When possible, do things the "Unixy" way
There should be a way to tell the service not to accept more work
... and a way to tell it to come back online.
Where possible, there should be a "dry run" mode
There should be a way to evict a node from the cluster, both cleanly and forcefully
There should be a manpage
In a pinch, I'll accept a '--help' option that is actually helpful. :)
But web-only documentation is problematic, especially as it's often only maintained
for the most recent version. It's also profoundly unhelpful when I'm running the service
on a network that doesn't connect to the Internet.
Make your software easy to package
Make your software easy to containerize
On Linux, be as distro-agnostic as you can.
This isn't me saying you can't rely on new and shiny features. I like them too. :)
But try to rely on those features in the most specific way you can -- i.e., must have
Linux kernel feature X or Python version Y or have Z daemon running.
"Must be running on Ubuntu 16.04" is just as bad for a backend service as "must be viewed
in Chrome" is on the Web.
Log to a file, or the system journal, or to a remote service built for logging. Please don't log to a specialized database.
When it's 3 AM and I'm trying to remember how to spell
ls, I don't also want to have to remember
how to write an SQL query against your custom logging schema. I also don't want to have to figure out
your custom tool for querying service specific logs.
Log messages should specify their severity level, and there should be a way to set the level that is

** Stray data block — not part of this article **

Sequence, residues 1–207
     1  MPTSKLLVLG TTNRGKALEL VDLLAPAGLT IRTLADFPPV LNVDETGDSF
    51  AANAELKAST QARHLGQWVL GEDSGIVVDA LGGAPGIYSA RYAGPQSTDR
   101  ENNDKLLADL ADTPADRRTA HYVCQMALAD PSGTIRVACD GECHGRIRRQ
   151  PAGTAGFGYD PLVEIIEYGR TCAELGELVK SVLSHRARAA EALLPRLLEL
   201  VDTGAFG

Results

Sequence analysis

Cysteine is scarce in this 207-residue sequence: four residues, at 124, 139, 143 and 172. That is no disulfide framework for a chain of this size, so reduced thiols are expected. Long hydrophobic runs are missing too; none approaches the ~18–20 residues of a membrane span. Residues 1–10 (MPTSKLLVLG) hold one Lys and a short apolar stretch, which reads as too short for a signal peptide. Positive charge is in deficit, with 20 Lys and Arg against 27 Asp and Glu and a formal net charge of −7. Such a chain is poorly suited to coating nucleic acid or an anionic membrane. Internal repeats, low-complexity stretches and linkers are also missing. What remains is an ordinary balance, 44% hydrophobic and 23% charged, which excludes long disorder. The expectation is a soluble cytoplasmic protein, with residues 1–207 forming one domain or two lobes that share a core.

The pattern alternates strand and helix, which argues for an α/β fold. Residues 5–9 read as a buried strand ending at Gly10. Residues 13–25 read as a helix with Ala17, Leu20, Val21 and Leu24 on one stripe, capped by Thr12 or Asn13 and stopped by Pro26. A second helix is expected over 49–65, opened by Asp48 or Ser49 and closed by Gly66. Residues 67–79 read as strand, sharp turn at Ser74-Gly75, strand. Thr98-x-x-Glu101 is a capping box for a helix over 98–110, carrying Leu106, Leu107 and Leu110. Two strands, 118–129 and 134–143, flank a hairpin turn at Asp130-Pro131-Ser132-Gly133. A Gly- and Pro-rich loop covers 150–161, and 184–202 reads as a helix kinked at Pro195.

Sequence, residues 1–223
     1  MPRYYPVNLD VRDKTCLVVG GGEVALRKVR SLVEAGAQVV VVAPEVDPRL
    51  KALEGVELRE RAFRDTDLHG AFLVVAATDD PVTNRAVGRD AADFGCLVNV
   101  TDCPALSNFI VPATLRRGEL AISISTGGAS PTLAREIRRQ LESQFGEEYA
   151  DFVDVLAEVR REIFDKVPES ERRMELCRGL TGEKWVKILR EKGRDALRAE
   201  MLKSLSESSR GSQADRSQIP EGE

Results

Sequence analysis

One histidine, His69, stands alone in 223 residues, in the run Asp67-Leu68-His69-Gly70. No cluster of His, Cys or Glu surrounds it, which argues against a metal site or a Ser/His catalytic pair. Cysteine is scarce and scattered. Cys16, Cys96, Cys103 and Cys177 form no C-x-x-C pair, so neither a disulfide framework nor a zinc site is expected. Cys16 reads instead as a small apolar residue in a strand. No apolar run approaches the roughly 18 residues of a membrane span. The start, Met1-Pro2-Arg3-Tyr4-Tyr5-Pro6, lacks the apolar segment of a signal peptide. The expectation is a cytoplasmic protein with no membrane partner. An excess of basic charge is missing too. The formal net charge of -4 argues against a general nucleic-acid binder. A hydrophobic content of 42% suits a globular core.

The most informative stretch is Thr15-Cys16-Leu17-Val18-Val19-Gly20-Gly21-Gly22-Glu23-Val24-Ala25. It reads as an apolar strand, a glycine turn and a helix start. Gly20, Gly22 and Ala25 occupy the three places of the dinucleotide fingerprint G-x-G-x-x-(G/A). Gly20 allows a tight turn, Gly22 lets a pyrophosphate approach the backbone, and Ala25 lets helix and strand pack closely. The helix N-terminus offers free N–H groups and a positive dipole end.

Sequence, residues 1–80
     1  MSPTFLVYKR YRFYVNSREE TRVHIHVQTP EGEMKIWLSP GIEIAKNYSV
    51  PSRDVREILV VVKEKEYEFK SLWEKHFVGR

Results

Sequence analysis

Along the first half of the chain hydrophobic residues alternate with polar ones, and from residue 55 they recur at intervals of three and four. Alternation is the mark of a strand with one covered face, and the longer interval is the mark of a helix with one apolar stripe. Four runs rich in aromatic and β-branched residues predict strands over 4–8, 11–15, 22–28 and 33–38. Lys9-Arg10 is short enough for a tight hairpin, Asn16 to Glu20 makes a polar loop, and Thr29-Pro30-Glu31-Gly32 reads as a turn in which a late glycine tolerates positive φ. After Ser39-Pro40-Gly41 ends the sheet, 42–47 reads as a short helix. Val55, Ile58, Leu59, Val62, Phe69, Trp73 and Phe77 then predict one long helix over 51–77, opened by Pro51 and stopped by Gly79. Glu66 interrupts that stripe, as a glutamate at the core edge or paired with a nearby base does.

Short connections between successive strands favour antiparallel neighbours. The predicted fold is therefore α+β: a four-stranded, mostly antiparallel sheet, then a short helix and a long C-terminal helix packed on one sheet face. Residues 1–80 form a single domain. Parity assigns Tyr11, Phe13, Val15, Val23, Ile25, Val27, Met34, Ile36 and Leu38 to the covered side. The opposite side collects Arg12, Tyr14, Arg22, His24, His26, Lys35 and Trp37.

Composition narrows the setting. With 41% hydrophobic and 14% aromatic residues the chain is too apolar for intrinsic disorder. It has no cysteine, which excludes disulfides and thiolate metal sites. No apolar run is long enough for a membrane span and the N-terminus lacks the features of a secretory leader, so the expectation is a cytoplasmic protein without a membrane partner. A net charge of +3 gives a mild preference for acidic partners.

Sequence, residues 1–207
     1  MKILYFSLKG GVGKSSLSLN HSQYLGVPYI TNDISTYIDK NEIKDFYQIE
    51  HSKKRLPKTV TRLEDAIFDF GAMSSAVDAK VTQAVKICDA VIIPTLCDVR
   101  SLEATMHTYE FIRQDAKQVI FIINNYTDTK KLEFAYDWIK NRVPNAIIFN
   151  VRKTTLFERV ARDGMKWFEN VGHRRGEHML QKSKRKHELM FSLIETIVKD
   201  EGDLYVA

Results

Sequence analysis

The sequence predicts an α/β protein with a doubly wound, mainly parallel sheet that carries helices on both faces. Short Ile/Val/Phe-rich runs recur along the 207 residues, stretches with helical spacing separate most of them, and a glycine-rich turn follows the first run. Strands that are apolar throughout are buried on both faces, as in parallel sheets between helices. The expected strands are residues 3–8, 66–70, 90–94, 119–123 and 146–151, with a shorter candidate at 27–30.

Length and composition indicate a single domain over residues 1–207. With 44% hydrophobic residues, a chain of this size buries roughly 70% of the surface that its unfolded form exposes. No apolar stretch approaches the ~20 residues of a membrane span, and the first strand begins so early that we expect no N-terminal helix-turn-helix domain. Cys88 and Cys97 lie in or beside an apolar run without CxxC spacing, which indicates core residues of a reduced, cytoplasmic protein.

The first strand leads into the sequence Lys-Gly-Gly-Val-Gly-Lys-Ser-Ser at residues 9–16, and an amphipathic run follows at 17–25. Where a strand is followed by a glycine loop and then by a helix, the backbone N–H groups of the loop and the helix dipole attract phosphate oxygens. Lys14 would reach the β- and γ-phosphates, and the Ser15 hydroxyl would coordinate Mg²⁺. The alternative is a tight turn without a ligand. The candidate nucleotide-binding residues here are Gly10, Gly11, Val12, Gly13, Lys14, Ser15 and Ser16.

I personally like the regular syslog severities from RFC 3164 (e.g. err, warn, info, debug), but really
they can be named after Pokemon as long as their meaning is clear. :)
I've seen the argument that the current crop of log management tools make it unneccessary to set
and filter log levels.
And it's true that Splunk/Kibana/etc are pretty good these days, so it's easy to filter logs when viewing them
instead of at log time. However, resource congestion is still a thing, and when debug logs fill a 500 GB disk
in a day because they're just that noisy, that's obviously going to ruin your day.
However, being able to get those noisy logs when debugging is also a good thing.
So please -- make this a tunable.
Your service should be able to handle log rotation.
That problem with logs filling up a disk? Log rotation exists to help with that. :)
Again, in the Unixy spirit, I strongly prefer software that includes a
logrotate.d file and can
take a signal (i.e., SIGHUP) to start logging to the new file.
I've spent way too much time beating my head against various vendors' buggy implementation of log rotation
built into their service instead of just using logrotate.
But occasionally I've seen service-specific rotation make sense, so just do what makes sense.